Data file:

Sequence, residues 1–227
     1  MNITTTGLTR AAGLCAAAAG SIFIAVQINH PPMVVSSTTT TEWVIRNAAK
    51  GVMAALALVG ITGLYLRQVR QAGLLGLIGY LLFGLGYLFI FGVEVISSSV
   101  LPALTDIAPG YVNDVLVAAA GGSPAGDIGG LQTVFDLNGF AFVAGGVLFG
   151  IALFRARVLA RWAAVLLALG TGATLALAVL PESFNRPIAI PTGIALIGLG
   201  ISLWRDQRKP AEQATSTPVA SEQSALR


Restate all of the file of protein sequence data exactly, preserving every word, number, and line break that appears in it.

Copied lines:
Sequence, residues 1–227
     1  MNITTTGLTR AAGLCAAAAG SIFIAVQINH PPMVVSSTTT TEWVIRNAAK
    51  GVMAALALVG ITGLYLRQVR QAGLLGLIGY LLFGLGYLFI FGVEVISSSV
   101  LPALTDIAPG YVNDVLVAAA GGSPAGDIGG LQTVFDLNGF AFVAGGVLFG
   151  IALFRARVLA RWAAVLLALG TGATLALAVL PESFNRPIAI PTGIALIGLG
   201  ISLWRDQRKP AEQATSTPVA SEQSALR